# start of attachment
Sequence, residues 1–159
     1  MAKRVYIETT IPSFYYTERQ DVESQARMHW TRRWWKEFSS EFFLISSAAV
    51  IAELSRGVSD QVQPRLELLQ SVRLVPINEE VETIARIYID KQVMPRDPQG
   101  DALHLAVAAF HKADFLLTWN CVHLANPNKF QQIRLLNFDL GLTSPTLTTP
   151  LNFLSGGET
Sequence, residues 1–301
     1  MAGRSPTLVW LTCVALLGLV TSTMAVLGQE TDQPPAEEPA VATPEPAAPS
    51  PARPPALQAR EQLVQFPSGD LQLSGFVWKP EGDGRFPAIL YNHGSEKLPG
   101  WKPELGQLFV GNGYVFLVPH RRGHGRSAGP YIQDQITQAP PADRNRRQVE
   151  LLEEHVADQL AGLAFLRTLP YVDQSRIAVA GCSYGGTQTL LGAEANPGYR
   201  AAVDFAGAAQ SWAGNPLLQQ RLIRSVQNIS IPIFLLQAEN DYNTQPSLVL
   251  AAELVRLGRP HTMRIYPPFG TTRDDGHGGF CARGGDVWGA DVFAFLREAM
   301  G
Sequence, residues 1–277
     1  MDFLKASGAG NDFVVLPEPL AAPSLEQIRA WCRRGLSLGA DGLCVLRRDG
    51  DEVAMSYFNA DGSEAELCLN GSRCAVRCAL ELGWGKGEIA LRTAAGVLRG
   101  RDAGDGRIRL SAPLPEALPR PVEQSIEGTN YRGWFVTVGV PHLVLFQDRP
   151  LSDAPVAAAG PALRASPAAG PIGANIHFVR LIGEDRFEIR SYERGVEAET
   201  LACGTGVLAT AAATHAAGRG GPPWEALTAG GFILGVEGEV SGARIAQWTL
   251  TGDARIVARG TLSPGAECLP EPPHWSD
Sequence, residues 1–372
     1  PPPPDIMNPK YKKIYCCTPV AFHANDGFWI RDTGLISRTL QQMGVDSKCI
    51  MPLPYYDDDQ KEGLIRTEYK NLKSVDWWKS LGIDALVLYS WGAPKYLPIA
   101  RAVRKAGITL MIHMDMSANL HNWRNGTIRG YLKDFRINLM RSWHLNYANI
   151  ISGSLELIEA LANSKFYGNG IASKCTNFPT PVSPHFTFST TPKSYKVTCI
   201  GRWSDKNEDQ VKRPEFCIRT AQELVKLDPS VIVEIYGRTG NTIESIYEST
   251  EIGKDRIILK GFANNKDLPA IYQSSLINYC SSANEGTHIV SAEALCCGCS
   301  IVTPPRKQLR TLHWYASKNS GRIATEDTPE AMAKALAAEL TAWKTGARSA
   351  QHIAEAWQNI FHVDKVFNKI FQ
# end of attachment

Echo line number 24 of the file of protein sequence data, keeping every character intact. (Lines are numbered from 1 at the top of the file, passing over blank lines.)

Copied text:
   101  RAVRKAGITL MIHMDMSANL HNWRNGTIRG YLKDFRINLM RSWHLNYANI